No doubt the three days of activities honed our ability to think quickly on our feet, taught us how to work with children, and refined our ability to communicate in Putonghua. But perhaps most striking was the sheer irrelevance of our intricate and imperfect plans to the children who joined us. Of course it was great that we had the opportunity to teach meaningful health practices like washing ones hands and brushing ones teeth, and it was heart-warming to see their joy as we made musical instruments and launched water rockets. But ultimately I’d like to think it was our company that they truly enjoyed. Whether watching the Olympics together, digging for worms and snakes, or them showing off their favourite fishing spots.
Throughout, they embodied a joy and happiness that is conspicuously absent amongst even children in Hong Kong. To us, it might appear to be a very simple life, lacking in many material comforts and missing the complexities of our social environment. But perhaps it wasn’t us that did the real teaching. They were the ones that helped us realise that you don’t have to own a phone, access the internet and play Pokémon Go to be truly happy. They were the ones that enjoyed and treasured what they had, rather than be constantly troubled by what might have been.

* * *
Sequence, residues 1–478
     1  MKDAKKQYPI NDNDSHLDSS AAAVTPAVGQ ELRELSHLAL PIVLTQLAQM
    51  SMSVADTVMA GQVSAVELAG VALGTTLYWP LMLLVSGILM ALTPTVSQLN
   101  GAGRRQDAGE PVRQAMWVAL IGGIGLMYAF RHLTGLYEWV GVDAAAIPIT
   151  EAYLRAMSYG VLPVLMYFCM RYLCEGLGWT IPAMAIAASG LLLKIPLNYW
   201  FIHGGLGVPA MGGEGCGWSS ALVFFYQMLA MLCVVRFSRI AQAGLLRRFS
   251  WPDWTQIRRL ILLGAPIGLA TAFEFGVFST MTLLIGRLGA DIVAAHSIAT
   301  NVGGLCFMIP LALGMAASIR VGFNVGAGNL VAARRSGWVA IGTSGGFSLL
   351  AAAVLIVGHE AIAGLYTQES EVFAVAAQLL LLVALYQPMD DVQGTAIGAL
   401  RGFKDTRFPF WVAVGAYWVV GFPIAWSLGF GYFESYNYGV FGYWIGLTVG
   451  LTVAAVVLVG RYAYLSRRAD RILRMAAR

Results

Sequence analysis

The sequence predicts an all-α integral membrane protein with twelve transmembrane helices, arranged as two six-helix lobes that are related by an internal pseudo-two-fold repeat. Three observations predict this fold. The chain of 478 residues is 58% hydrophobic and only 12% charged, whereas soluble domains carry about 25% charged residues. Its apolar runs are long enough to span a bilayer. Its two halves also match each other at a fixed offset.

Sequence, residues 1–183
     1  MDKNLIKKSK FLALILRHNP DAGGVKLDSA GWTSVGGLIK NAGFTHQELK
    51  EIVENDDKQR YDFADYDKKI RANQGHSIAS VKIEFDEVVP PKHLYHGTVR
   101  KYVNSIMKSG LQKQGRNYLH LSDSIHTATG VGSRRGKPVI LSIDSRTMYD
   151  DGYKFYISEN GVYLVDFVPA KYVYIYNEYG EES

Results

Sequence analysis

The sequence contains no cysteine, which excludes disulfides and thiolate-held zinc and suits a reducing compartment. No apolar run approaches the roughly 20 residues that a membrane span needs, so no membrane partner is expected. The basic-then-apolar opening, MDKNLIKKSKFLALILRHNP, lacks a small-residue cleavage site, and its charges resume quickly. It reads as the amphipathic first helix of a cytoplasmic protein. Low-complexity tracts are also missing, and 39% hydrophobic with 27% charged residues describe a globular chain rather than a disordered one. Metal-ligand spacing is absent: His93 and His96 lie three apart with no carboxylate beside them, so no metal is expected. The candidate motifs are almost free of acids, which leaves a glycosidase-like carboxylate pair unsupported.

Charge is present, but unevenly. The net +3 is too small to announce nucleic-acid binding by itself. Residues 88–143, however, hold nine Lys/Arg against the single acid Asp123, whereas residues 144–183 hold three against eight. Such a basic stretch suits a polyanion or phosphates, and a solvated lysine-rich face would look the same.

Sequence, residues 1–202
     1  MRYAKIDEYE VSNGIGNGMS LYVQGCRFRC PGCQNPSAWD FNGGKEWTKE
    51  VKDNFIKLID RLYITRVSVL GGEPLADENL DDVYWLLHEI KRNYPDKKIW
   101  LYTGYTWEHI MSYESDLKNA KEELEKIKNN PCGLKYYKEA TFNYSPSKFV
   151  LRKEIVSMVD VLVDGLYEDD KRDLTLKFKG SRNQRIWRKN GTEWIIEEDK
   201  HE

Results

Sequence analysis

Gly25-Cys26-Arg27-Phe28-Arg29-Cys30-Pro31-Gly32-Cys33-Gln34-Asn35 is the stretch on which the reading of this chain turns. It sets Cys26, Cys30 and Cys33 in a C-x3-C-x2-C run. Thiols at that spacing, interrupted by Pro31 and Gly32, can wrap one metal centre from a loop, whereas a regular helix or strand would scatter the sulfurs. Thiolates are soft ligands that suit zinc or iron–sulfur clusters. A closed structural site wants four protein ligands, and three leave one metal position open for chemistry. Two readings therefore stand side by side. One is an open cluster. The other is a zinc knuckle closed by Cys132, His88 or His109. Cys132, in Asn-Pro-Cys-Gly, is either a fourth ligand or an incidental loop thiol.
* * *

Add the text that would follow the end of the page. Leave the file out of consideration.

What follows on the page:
Of course, that’s not to say that Dabao was a perfect nirvana. The prevalence of both smoking and drinking was evident during our short three-day stay, though I would be remiss not to mention the considerable efforts of our members, who organised a well-attended and well-received personal hygiene and anti-smoking performance. My conversation with a villager during our evening visit to their home reflected the painful struggles they faced in securing the educational opportunity we so easily take for granted in Hong Kong. I was also painfully aware when some of the children returned each day in the same clothes whilst others had the luxury of a change of clothes. There of course remain deep and significant challenges, but that does not detract in the slightest from the local community’s positive outlook. If anything, it is all the more impressive that they can cherish what they have without dwelling on those trials and tribulations.